With passports displayed, Mom and Dad received their boarding passes and were free of the luggage that now felt like twice our body weight.  Uncertain of where to go next, we finally were directed to the forth and final checkpoint Charlie.  Shoes again were left on.  Against all hope, we at last entered the one (an only one) waiting room of the terminal.  Unbelievably, it was a half hour before boarding.  

Upon seeing the Radcliffes arriving 5 minutes later, Dad checked his shirt pocket for his iPod, then checked the carry-on bag, then checked all again.  He came to the conclusion that he must have left it in the little container at the last x-ray machine.  Dr. Jim joined him in going back, asking security if an iPod was found.  The answer was negative, but a passenger said he noticed a young boy picking up a device like an iPod.  He offered to identify the thief and scanned the crowd but didn't see anyone of resemblance.  As Dr. Jim went to have an announcement made, Dad searched the carry-ons one more time--and of course found it buried in the bottom of Mom's bag.  We had switched bags after receiving our boarding passes.

The one hour flight seemed only minutes, especially after the flight over the "big lake."  The wheels of the plane touched the miniature runway (again in PNG style--with a hard drop) and taxied over to the two room terminal.  (Speaking of wheels, the million people living in the Highlands were not known to exist until 1930.  The prevailing thought of the years before was that the mountains between the eastern and western shores of PNG were too rugged to be populated.  However, upon crossing the first range of mountains in May of 1930, gold seekers found a valley filled with people and garden plots.  In seeing white men for the first time, the Highlanders thought the explorers were spirits of their ancestors.  The wheel had not been invented here!  Then after 75 years, cell phones arrived.)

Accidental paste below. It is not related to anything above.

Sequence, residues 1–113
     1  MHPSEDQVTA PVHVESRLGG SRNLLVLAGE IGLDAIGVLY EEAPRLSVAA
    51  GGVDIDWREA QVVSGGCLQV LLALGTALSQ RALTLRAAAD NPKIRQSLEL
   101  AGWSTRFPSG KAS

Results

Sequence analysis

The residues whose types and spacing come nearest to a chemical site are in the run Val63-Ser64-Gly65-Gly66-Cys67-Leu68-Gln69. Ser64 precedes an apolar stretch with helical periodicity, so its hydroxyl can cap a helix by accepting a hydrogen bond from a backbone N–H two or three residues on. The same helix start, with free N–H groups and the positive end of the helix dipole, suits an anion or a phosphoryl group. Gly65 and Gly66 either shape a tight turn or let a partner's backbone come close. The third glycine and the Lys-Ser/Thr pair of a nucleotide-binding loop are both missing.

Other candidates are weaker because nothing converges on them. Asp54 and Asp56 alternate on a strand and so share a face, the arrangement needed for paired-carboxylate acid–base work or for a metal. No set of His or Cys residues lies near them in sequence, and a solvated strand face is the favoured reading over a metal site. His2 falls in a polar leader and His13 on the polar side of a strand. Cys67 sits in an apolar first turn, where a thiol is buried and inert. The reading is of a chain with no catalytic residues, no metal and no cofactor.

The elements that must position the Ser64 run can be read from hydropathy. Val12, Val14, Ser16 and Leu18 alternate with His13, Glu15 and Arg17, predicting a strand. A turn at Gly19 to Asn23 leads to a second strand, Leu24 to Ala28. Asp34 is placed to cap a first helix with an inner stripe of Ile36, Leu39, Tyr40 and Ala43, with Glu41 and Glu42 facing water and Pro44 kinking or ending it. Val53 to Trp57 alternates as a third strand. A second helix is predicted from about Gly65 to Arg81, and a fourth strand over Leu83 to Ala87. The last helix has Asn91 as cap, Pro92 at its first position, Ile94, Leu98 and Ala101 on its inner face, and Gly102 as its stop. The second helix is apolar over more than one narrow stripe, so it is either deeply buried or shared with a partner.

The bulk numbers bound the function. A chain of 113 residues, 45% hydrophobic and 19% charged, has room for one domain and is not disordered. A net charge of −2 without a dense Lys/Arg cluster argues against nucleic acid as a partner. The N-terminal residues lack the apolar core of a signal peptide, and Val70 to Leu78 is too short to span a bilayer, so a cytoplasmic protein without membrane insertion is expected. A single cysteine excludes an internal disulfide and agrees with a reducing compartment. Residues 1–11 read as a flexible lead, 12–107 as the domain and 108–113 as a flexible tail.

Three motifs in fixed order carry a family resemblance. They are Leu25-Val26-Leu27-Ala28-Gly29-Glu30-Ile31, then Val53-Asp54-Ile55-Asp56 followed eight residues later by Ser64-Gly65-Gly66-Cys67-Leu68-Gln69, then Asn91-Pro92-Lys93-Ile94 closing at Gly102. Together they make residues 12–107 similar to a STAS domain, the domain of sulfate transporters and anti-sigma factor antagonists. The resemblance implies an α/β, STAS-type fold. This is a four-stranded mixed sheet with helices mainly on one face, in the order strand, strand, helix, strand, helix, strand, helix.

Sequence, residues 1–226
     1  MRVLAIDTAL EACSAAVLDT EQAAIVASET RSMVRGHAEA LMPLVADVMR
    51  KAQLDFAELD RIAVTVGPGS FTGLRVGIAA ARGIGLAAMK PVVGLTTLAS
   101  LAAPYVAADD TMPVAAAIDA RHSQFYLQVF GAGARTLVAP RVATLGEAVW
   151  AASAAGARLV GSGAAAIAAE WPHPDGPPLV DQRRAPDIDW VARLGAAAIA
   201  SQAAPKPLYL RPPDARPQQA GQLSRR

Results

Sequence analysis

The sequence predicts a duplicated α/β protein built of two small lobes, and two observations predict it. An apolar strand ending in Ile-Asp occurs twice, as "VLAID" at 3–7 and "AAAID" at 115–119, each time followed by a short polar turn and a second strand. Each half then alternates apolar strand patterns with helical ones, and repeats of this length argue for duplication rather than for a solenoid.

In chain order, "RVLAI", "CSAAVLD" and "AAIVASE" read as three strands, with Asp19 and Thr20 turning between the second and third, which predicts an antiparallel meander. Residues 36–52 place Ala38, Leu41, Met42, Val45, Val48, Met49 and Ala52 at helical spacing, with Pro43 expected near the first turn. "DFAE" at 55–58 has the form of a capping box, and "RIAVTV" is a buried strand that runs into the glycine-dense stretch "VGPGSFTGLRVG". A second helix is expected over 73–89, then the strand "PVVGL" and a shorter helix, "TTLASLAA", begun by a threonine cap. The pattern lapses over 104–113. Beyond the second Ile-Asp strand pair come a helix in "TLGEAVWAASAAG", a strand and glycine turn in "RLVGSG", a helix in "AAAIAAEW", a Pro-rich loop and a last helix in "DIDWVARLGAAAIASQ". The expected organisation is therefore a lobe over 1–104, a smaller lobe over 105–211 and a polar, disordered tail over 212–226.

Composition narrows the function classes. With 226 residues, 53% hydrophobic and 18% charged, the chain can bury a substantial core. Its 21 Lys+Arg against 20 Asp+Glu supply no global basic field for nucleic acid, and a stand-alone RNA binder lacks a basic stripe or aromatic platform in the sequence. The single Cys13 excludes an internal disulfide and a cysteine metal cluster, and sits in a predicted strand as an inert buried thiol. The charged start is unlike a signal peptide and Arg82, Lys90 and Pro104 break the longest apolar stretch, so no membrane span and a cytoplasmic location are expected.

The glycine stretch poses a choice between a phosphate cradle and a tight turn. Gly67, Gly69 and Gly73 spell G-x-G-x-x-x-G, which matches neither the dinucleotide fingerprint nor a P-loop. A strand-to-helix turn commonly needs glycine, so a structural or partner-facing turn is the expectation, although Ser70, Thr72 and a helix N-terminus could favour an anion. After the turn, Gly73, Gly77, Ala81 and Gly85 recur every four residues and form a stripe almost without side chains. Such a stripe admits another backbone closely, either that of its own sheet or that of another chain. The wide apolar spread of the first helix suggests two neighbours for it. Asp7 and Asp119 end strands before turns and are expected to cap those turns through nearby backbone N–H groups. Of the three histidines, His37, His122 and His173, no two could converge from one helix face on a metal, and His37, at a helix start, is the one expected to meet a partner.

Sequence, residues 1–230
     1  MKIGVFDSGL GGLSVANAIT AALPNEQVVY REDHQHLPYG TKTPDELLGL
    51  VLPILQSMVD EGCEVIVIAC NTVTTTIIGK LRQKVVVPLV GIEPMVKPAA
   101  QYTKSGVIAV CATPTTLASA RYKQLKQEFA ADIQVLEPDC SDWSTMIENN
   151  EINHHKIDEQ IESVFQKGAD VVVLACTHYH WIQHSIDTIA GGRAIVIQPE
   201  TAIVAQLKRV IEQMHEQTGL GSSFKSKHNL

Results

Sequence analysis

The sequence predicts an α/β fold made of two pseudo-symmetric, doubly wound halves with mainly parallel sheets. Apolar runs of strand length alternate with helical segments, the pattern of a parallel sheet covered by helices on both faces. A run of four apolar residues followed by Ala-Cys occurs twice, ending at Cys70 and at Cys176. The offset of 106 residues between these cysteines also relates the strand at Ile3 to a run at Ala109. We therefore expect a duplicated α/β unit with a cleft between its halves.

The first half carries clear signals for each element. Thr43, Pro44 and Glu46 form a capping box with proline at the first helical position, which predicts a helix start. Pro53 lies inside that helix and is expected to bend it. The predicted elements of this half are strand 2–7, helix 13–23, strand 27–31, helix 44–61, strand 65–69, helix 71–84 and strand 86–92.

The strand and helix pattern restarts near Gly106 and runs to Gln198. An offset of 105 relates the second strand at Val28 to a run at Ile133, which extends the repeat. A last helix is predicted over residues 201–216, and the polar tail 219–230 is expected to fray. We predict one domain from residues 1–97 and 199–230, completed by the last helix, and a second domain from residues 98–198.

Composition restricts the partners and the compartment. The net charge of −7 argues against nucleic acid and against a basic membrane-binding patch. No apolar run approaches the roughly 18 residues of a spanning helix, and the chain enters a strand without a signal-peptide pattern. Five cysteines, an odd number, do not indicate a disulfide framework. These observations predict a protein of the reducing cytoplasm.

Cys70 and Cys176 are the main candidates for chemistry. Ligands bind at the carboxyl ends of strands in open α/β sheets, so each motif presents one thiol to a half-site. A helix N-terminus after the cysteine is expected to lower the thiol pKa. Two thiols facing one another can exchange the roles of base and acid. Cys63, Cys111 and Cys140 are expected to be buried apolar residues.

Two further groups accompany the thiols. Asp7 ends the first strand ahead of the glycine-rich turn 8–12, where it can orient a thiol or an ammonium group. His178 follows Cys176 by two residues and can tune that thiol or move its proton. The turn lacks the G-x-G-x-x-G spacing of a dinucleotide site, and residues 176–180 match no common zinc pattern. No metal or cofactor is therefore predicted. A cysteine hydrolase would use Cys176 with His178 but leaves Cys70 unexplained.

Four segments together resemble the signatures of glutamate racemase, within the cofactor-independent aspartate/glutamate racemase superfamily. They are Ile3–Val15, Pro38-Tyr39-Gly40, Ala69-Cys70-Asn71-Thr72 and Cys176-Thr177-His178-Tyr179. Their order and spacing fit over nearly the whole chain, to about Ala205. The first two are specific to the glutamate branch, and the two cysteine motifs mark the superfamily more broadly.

Pleasant mountain plains and views were fabulous as we came down the steps and headed over to the small one story building that was labeled "Kagamuga Airport."  Outside the lined fence were many PNGers also waiting for their family to arrive for Christmas.  Steph snuck past the man at the security door while he was distracted.  [Not true!  I asked to come inside and didn't take "no" for an answer.]  So she was in the passenger side of baggage claim to greet us with open arms and a big PNG smile.  

This time there was no conveyor belt for luggage pickup.  Upon looking back at the plane, the large luggage carts were being loaded.  Soon they were pulled over to the waiting passengers.  We looked like cattle stampeding hay wagons.  All were found except Lydia's suitcase which was recovered the next day.  This is one airport that actually checked the baggage claim against the baggage tag before stepping through the door and entering the new world of the PNG Western Highlands province!